Thank you!

  8. I says

    Hey,

    I have an offer in goldman ibd, and I’m trying to pick a group. so far, I’m interested in industrials, nat res, tmt, and consumer retail. do you think tmt really does work that much harder? I really don’t know what to believe at this point because I’ve heard so much conflicting information. I find the area interesting, but I’m afraid of dying over the summer. Am I correct in thinking I’ll be working that much harder in tmt versus, say, industrials? I’m not sure I can safely say if one of them has a better lifestyle. Thanks

    • says

      I think that’s false, any group at GS you will be working a ton. I would not pick the group based on perceived hours/lifestyle as you will be working a lot no matter where you are

  9. Grace says

    UBS M&A vs. Goldman giving me any random group they feel like; which is better? What about if I would like to eventually go into PE?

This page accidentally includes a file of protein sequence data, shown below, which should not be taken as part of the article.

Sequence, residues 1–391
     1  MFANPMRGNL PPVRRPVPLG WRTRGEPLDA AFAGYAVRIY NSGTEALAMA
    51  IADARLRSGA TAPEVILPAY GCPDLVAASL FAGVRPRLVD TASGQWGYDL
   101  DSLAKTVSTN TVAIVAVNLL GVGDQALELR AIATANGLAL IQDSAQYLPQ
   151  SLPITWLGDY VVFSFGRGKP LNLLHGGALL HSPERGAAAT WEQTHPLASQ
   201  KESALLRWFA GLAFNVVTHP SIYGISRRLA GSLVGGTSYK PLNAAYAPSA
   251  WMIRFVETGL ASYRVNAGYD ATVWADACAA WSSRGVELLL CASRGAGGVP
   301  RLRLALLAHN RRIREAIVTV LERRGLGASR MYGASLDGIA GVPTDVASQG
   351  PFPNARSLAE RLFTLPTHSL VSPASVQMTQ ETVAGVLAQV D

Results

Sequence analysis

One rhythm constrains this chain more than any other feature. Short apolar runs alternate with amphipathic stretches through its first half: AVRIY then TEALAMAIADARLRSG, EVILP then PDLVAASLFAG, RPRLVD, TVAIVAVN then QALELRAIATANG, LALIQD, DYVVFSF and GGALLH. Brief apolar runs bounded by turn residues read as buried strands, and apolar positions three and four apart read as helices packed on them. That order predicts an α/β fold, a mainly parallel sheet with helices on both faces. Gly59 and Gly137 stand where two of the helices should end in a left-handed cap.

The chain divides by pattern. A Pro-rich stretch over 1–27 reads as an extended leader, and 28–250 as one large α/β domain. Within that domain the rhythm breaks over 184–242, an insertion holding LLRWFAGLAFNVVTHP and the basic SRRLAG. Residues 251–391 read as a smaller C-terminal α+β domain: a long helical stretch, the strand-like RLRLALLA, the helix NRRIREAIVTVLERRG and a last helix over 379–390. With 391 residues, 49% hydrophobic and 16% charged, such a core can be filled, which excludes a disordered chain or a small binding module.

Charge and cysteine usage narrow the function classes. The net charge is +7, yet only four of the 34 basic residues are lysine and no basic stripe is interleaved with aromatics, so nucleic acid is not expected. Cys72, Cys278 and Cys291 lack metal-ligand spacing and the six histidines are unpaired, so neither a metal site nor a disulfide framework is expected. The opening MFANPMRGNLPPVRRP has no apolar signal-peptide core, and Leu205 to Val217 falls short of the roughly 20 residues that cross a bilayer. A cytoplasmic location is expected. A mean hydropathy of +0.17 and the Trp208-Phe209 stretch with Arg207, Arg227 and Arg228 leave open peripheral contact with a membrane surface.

• says

      About the same, decide based on how much you like the M&A group (if it’s “not much,” random selection at Goldman is better)

  10. lamdan says

    Great post as always.

    Would you shed some light on how may we find out performance of a particular group in the bank? Is there any ranking or league table for that? (I mean league table for specific coverage group, not the thompson reuters league table for each bank). Appreciate any suggestions!

    • says

      In general you can’t really tell, even league tables don’t tell the full story and can be gamed. The best way to tell is to actually ask people in the group how they’re doing and what kind of deal flow they have, that brings the added benefit of networking as well.

      You can go to message boards and look but information is generally unreliable since it changes quickly and since a lot of people in finance don’t even use sites like this.